You've returned from your cruise, still dissatisfied with an element of it -- and, despite your efforts to solve the problem when it arose, it wasn't fixed. Here are some "next steps":
What's the most effective way to complain and get results? Keep the emotion
out of your missive, no matter how angry you feel. Be specific about the nature
of the problem, along with efforts to solve it. Provide as many details -- time,
date, etc. -- as possible. But try to keep the letter to one page.
Include the names of employees
who weren't helpful but also list those who were.
Be clear about the specific
source of your dissatisfaction. Keep it simple.
Provide specific information
about your inconvenience or money lost.
Provide an expectation
of what the cruise line can do to fix the problem. But be reasonable. It's very
rare, unless the cruise was an absolute -- and provable -- disaster, that you
will get a "free cruise" (which cruise lines say is one of the most common requests).
Ask instead for a discount on a future cruise or onboard credit or compensation
for a loss.
Do your research: Who
should the letter (or email) be sent to? Most often, people write to the cruise
line president; but that person, alas, rarely reads them. If it's a genuinely
serious offense, consider "carbon-copying" a journalist who covers the cruise
industry, as did Joanna Jespersen, a Washington, D.C. attorney, whose bad experience
with Norwegian Cruise Lines wound up in the Washington Post and Consumer Reports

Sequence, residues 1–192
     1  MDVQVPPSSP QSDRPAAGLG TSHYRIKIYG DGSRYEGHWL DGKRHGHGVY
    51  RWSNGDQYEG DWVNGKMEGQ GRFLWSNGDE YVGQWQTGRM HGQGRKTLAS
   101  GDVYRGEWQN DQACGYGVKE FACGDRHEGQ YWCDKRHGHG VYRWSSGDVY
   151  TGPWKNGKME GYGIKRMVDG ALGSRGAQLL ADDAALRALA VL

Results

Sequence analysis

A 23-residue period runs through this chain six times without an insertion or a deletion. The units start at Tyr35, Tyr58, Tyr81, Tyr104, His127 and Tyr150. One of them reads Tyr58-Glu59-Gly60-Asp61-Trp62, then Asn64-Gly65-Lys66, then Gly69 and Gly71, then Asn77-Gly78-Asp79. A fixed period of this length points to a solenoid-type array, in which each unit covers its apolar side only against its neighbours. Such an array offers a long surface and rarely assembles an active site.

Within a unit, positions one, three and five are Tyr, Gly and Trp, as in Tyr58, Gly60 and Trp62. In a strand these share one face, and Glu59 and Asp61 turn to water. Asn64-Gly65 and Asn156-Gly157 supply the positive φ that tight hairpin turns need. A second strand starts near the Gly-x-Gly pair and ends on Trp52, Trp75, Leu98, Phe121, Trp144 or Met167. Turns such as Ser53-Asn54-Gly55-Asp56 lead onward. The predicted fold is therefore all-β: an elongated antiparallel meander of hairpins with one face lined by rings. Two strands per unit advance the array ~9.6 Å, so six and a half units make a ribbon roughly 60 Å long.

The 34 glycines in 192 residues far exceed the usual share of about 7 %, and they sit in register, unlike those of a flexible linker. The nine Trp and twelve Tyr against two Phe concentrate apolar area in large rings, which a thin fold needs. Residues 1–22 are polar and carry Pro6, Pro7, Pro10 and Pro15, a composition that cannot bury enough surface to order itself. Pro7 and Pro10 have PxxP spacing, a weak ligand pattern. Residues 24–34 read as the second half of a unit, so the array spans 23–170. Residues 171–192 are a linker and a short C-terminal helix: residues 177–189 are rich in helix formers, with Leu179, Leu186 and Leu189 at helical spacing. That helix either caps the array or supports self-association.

Travel Letter. And don't forget to include your travel agent, if you used one,
on the CC list; they can also be a powerful advocate.
The folks in the passenger
services department -- or whatever department you're supposed to write to -- will
then research your situation. They'll contact personnel, whether in the head
office or onboard, to confirm that you reported the problem and to see why it
wasn't fixed. Then they'll write back with an explanation and, possibly, a "reward."
But you won't always get what you ask for. One cruise line flatly refused to
reimburse us for losing our luggage (we'd flown on a cruise line-organized charter)
and merely sent a sort of apologetic letter. Aside from swearing you'll never
sail on that line again (as we did), what are your options?
out that passenger survey that's handed out at the end of every cruise Including your problem
may not help you -- but cruise lines do read the surveys and it may help another
passenger avoid a similar issue. Windstar -- in a very smart move -- occasionally
does a mid-cruise passenger survey where you can list anything that's wrong
with your cruise. This gives them time to fix it for you while you're still
to the message boards
If it's a situation where you learned something the hard way, take to the boards
on Cruise Critic, and let other passengers know what happened -- again, as briefly
and factually as possible. Don't forget to share the "what I learned" portion,
which could help future cruisers avoid either the cruise line or making the